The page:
Cumulative Sentence

Last Updated: May 24, 2024

Cumulative Sentence

Sentences are one of the basic elements that we use in our every textual need. It may sound very elementary at first, but if you are merely looking at its definition of having subject and predicate that depicts a complete thought, you are barely seeing the surface of simple sentences. In this article, we are going to discuss deeper about sentences. Particularly, we are going to talk about an arrangement of sentences called “cumulative sentences.” Read through to learn more.

What is a Cumulative Sentence?

A cumulative sentence, also known as a loose sentence, is a type of sentence that starts with an independent clause (a complete thought) and then adds subordinate elements or modifiers that provide additional information, detail, and context. The main clause comes first and is followed by phrases and clauses that embellish or explain it. This sentence structure allows the writer to capture a stream of thoughts, adding depth and detail as the sentence unfolds, often creating a sense of movement and accumulation of imagery or argument.

Usage of Cumulative Sentences

One way of effectively using this type of sentence is when you would be explaining theories. In explaining theories, it is often suggested that you introduce the main idea first at the beginning of the sentence. After introducing the main idea, it is then suggested that you add more information in order to prove your main idea. You may also see the Balanced Sentences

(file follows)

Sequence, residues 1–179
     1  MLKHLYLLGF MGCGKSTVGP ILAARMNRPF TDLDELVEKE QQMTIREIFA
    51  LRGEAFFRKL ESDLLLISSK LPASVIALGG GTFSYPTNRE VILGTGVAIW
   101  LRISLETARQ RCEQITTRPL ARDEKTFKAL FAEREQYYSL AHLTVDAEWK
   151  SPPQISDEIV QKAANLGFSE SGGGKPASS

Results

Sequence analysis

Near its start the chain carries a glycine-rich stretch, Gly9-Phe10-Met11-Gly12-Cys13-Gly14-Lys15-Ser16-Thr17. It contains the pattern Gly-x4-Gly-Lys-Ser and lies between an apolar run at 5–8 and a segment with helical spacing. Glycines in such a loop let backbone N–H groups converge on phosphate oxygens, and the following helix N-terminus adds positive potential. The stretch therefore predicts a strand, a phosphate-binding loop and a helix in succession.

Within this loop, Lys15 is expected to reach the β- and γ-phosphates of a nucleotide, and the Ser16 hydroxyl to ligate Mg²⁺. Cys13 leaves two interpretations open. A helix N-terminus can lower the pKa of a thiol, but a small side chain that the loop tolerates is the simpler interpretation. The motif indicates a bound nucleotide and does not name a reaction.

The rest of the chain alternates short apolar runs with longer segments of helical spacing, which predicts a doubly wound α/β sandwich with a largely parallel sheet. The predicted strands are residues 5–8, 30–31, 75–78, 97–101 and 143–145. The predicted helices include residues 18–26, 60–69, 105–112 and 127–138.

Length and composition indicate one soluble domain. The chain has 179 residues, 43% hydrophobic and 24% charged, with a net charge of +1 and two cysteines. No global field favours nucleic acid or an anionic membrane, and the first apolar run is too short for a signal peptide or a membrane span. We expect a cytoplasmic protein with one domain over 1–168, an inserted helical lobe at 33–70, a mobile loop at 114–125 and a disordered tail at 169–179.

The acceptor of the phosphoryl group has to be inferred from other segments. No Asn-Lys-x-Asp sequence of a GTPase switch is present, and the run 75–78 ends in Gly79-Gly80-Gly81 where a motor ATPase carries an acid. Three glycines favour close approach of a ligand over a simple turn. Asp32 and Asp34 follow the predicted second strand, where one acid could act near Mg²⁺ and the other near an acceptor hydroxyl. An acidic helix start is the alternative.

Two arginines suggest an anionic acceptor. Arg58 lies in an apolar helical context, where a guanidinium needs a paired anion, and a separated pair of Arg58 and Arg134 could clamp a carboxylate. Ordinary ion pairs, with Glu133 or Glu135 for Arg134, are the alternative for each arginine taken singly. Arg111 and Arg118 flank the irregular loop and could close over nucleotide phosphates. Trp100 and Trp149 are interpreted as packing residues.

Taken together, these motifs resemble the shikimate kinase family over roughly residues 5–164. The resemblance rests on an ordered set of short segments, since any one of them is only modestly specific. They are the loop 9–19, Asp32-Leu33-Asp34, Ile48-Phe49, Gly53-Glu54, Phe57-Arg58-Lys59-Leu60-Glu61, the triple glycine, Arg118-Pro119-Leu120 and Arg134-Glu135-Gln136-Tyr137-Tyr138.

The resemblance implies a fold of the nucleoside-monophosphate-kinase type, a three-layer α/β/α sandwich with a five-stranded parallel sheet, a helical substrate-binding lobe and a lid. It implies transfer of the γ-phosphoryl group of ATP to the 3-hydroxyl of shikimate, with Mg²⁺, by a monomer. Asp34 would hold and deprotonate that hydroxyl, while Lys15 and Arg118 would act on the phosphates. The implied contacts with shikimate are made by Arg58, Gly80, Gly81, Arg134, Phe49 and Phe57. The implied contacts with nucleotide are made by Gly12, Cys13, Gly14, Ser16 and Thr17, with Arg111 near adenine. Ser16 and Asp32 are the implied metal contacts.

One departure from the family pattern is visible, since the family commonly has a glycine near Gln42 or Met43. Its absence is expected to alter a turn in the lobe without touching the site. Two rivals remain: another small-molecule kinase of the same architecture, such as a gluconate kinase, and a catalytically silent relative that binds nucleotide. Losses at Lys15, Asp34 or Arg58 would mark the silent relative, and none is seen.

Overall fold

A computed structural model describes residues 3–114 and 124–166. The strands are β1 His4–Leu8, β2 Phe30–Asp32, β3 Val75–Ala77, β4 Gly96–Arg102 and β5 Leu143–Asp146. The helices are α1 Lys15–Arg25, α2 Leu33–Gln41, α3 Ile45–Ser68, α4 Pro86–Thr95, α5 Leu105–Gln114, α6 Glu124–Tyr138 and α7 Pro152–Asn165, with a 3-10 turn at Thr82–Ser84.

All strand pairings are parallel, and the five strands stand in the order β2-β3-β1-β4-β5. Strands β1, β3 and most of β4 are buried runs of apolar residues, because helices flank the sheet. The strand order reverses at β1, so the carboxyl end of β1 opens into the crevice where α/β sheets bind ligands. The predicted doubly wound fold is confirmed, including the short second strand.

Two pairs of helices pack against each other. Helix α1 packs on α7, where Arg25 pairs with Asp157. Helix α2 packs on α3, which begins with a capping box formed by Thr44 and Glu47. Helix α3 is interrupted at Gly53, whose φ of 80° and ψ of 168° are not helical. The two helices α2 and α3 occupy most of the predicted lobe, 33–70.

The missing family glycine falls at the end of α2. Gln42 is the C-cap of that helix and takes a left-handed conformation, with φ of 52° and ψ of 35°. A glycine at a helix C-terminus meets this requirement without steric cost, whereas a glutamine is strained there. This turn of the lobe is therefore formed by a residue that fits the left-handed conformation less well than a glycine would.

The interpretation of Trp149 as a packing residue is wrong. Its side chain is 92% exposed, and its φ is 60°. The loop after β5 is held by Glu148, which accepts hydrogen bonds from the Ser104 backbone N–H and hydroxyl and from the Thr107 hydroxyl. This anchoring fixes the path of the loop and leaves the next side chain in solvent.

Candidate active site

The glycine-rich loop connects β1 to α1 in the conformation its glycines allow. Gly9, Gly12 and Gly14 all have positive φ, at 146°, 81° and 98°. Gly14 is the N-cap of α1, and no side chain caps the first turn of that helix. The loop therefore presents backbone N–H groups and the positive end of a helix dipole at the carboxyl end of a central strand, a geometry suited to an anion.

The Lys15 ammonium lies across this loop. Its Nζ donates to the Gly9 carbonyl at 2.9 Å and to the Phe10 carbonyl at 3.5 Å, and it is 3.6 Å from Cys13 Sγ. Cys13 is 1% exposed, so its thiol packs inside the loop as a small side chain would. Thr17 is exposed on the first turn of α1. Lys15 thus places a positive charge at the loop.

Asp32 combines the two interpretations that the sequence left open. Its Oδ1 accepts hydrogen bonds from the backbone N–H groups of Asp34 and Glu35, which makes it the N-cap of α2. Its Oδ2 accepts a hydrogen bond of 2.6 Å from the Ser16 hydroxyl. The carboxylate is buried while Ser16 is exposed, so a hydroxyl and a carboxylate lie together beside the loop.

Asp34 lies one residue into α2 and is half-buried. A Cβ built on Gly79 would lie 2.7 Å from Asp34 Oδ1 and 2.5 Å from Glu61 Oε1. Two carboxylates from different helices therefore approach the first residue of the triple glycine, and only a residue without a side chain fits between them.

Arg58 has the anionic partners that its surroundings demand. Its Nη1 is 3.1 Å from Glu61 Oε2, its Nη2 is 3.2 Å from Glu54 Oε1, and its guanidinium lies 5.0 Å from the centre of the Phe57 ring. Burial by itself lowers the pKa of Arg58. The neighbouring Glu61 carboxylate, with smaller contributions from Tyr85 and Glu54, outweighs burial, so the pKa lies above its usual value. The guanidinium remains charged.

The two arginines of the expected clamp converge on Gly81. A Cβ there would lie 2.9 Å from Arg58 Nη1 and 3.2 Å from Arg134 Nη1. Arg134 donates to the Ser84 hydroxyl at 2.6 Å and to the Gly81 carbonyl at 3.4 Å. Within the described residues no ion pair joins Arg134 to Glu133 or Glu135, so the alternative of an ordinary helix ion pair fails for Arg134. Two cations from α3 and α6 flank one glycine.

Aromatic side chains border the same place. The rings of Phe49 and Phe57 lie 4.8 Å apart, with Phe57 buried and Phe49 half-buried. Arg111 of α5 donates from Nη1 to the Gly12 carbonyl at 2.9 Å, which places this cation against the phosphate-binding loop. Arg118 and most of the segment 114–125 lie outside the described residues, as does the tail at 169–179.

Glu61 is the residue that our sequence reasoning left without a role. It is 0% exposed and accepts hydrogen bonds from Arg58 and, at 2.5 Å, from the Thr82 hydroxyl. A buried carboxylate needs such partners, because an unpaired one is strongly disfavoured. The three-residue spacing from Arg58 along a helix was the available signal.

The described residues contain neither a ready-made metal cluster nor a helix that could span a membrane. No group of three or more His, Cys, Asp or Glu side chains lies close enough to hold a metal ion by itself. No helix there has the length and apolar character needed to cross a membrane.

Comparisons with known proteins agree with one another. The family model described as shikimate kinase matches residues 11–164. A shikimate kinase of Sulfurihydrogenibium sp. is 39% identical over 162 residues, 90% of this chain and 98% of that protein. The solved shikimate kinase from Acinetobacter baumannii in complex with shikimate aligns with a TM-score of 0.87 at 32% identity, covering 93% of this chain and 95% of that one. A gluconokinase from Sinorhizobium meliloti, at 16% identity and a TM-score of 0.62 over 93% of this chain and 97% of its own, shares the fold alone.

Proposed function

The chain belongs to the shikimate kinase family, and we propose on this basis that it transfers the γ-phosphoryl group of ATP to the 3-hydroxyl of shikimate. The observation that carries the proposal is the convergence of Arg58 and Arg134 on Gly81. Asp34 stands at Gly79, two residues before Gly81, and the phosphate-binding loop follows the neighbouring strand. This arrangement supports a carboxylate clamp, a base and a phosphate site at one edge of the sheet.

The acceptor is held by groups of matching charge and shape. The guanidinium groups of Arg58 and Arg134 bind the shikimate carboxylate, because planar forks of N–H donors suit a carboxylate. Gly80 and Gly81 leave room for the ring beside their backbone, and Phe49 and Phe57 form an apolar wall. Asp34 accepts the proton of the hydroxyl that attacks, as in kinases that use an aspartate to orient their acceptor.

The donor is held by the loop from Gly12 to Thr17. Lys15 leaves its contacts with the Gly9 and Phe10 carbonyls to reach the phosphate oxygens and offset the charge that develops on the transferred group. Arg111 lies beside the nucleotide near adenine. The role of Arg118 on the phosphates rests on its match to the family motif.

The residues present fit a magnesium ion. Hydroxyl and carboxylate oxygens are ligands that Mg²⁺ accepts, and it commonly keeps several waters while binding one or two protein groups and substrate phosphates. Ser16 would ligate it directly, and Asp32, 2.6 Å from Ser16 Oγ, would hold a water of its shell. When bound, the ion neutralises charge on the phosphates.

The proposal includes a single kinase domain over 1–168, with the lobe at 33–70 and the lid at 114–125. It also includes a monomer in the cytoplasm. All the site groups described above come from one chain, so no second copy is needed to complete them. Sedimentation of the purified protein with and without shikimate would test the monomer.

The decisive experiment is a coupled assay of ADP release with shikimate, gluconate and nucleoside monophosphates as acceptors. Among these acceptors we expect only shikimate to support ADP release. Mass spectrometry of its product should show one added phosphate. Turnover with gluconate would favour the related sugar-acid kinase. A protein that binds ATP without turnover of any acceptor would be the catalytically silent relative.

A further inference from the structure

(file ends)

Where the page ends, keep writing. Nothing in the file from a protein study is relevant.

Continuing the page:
Another way to make use of cumulative sentences is to create a scene for panning (like in movies). You could use it when the scene introduces a critical moment or when a character reminisces a memory. You may also see the Periodic Sentences.

How to Write a Cumulative Sentence

Cumulative sentences are beneficial in various scenarios. It can be used in the practical field such as literature and studies, but it is also effective in expressing your thoughts in casual events like talking to your friend, parents, workmates, etc. As much as we use it in speaking, there are some cases that we are obliged to write them down. At this point, we are going to give a comprehensive, step-by-step guideline to educate you in composing a cumulative sentence properly.

1. Know the fundamentals of a cumulative sentence.

Assuming that you are ordered to write the phone number of a stranger unless if you are a psychic, you cannot just directly write digits without asking the person. Similarly, it would be a challenging task for you to compose one without knowing the basics in writing a cumulative sentence. By this, we are referring to the definition, structure, etc., basically, anything about this type of sentence.

2. Create a message.

Crafting a message is not necessarily writing, you can simply imagine the idea of a sentence you want to write. Moreover, it is important to remember that you don’t need to write a whole book or essay, let’s focus more on writing a sentence. So, in constructing a message, keep it as concise as possible and make sure that you understand your own idea, too.

Furthermore, in doing this step, it is recommendable to not stick with formal concepts. Hence, it is better to think of something that is parallel with your interest. Music, arts, sports, nature—the sky is your limit, you decide.

3. Apply the cumulative sentence structure.